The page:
A snippet from After I Do: With kindness and humour

It’s been almost a year since I self-published After I Do – a look into our first year of marriage, all the change, what I learned, and the faithfulness of God through it all. I’ve shared a couple portions before, and wanted to share one very personal one, from the chapter on faith, and the importance of vulnerability and gospel change in a marriage. If you would like to get a copy of the book, you can order it in either print or eBook format here:

Blurb eBook or Print

Amazon Kindle

It can also be found on Apple eBooks by typing in After I Do, Lani Lupul.

Here is a short snippet on two things I learned in our first year of marriage that are key in communication… 

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With kindness and humour

In my alone moments around the house – be it folding laundry or curling my hair – I can catch myself overthinking something. Sometimes I worry without realizing it, and other times I pray whether it’s worth bringing up, or when is the right time to do so.

Two things I’ve picked up on in our first year that would help all of us:

     1) Practice kindness when you express and communicate

Men respond to kindness, not accusation or curtness. Because I tend to stew (I’m working on that with God’s grace!) about something, it works up my emotions, which Troy can read like an open book.

There’ve been numerous occasions where we’re driving somewhere and he’d put his strong hand on mine and ask, “Are you okay?” I can’t lie. Fine is never an optional response. Usually, my intent was to bring up whatever was on my mind later on, when we both had time to focus on the conversation and I had time to figure out how to say what I wanted to say. Well, it doesn’t always happen like that. Once Troy knows there is something on my mind, he will think on it all day, drawing conclusions of his own.

My job in this situation is to learn to pray more, and control my mind and emotions until the point when I am ready to talk about it, and I know Troy is in a headspace to listen.

It’s a learning curve, but I feel like we are further ahead in our communication than we were the day we got married, and that’s what counts – progress, not perfection.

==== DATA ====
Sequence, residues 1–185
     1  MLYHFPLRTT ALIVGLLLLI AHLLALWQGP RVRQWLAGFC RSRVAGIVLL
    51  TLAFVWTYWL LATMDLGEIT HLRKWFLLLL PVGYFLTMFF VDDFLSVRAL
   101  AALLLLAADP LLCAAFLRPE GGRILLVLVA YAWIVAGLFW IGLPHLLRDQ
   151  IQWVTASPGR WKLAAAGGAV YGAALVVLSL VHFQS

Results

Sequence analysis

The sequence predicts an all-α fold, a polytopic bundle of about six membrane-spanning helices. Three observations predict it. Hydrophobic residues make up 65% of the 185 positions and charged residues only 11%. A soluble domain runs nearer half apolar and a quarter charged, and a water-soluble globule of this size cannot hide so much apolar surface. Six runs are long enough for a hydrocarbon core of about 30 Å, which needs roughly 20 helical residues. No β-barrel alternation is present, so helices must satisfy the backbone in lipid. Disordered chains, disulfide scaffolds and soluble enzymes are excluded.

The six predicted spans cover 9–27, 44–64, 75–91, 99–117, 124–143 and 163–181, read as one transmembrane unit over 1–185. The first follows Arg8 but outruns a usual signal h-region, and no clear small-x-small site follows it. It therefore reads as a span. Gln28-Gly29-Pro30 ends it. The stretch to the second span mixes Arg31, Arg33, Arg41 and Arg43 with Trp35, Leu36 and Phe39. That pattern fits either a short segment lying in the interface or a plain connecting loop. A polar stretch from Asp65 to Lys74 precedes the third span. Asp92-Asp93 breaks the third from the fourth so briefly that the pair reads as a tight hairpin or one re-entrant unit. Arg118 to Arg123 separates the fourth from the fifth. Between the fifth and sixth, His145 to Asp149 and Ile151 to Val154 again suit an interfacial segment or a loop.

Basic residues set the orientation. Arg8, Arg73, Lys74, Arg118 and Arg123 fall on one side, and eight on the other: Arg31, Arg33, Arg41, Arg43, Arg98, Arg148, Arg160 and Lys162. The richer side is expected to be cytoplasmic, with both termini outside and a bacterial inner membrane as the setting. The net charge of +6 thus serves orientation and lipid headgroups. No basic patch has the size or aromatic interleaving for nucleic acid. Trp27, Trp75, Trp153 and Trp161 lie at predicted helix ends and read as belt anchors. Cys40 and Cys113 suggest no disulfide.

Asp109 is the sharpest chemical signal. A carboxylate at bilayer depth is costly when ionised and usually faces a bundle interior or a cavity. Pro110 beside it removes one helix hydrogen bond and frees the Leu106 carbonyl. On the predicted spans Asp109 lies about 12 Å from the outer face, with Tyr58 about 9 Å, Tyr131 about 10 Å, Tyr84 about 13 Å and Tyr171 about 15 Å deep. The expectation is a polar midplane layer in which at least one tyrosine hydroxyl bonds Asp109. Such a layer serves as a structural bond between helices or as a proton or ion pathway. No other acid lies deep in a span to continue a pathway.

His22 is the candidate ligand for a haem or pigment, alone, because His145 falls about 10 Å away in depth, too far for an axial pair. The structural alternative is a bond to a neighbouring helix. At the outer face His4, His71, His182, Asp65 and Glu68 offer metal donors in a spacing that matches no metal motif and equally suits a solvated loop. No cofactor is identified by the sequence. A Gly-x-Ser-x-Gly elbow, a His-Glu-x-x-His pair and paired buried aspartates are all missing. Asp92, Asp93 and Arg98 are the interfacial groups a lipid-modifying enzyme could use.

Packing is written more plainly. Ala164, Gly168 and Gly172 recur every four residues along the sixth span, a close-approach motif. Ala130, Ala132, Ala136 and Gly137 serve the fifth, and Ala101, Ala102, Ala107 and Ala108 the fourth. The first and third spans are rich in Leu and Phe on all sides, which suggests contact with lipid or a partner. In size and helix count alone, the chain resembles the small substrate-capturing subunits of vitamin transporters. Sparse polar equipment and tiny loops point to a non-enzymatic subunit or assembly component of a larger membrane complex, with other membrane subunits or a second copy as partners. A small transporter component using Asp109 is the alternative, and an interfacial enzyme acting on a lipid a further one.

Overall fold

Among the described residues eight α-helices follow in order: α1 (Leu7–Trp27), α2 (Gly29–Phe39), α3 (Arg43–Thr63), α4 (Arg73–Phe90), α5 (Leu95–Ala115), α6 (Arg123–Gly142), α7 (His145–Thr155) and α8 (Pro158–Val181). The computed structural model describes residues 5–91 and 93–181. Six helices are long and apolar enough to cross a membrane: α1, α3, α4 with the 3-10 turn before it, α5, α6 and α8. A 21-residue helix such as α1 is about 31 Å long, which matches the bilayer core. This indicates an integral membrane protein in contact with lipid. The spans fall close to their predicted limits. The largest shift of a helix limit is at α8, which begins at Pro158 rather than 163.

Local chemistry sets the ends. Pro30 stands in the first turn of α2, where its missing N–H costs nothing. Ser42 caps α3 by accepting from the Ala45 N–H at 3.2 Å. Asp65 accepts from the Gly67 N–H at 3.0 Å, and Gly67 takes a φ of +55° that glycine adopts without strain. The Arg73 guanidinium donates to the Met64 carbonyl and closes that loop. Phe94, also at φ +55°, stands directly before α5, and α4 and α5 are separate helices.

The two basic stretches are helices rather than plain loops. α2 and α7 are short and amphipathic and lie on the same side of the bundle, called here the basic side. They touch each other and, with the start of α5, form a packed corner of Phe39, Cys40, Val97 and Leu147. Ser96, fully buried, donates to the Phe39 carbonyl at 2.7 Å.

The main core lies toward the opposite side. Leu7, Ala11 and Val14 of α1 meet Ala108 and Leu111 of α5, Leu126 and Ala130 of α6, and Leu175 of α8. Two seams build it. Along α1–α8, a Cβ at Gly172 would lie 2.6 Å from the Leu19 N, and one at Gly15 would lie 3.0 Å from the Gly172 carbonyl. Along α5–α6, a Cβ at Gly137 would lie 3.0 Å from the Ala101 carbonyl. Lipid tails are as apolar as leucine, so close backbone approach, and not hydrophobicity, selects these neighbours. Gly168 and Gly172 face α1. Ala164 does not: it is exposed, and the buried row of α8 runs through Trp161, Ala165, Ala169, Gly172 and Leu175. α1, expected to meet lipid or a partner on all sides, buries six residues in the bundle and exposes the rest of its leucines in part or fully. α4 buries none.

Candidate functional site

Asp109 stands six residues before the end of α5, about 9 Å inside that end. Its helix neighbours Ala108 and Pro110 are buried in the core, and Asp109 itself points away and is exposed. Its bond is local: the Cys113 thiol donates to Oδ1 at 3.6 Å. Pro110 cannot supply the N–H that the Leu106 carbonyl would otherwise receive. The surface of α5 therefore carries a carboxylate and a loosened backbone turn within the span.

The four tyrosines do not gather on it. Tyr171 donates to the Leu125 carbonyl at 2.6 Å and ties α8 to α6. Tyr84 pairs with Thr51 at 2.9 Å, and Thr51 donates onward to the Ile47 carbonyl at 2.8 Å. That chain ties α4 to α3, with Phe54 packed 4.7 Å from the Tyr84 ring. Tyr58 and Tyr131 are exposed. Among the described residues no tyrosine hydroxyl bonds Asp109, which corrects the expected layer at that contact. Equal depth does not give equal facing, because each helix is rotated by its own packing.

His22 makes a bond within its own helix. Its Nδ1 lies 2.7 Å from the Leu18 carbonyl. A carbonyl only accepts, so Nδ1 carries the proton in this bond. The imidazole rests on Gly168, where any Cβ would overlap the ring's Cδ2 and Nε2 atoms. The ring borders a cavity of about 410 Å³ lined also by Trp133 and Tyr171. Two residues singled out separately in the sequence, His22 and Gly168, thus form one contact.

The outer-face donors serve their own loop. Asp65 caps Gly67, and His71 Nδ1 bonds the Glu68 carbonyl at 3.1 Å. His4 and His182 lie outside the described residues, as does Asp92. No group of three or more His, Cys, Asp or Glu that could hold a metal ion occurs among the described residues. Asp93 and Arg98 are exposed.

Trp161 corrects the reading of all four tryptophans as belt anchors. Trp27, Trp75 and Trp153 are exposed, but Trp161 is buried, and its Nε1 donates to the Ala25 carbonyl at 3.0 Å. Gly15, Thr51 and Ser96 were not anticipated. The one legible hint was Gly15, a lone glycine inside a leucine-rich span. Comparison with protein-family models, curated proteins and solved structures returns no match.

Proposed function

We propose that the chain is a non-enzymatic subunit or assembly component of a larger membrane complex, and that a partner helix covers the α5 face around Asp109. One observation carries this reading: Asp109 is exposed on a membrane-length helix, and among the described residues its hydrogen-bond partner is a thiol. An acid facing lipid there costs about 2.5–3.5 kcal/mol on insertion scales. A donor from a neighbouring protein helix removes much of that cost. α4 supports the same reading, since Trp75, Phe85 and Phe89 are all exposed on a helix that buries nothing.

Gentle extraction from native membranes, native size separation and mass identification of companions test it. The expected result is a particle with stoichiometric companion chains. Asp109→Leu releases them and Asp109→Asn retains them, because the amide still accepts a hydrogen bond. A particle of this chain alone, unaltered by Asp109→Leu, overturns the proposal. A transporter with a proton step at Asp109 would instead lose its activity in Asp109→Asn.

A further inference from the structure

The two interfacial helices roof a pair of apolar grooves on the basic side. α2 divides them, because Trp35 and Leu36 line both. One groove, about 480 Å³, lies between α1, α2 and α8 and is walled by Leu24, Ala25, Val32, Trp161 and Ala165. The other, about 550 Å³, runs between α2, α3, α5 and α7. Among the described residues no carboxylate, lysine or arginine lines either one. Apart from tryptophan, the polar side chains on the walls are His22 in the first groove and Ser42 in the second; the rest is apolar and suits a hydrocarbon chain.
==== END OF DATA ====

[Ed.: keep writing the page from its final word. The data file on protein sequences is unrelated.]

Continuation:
2) Find a sense of humour in expression

For some reason, this one was really hard for me. Fortunately, there are a few ladies in my life who have 10-40 years of marriage and life experience on me that I can learn from. One thing I picked up on this past year is that I need to learn to lighten up – not make mountains out of molehills.

One new friend of mine is a beautiful interior designer in her fifties who’s been married for about 13 years. When we read through The Power of a Praying Wife together, we’d meet every couple of weeks to discuss. On one of the days, while sipping tea together in her lovely home, I shared how I wasn’t sure how to get Troy to hang up his clothes at the end of the workday.

Again, let’s lay this out. I’d been working from home, thus had a lot more time at home to clean, nest and become a homemaker. Troy on the other hand, would work his butt off all day, come home quite exhausted, and often plan to ‘re-use’ his work clothes.

I clean while I cook. He leaves a storm of butter, spices, and unplugged appliances in his wake.

I cook with a recipe. He cooks by taste.

He wakes up making funny noises and accents. I wake up, well, I wake up.

You get my drift. We’re different. Thus the reason we actually work so well together as a team, but have also had to adjust to each other!

I know this isn’t uncommon for wives and husbands to have the debate over home and tidiness. I just wasn’t sure how to approach it without being accusing or sounding like a Mom – the last thing I wanted.

She joked that she had used the comment, “Is this your new floordrobe?” to her husband and something clicked for me; the sense of humour this New Zealand friend had was something I needed to practice more.

And since that time, I have found it easier and easier to be sarcastic or humorous with things around the house, or with our differences. Troy and I love laughing together, and laughing at ourselves. One breakfast recently we found ourselves laughing over pancakes as we started our day together. It was special, even if we were laughing at ourselves!

Communication with kindness and a sense of humour goes further to diffuse the possibility of hurt feelings when we intentionally approach it with a lighter heart. Try it out, I bet it will work some wonders for you like it did for me!

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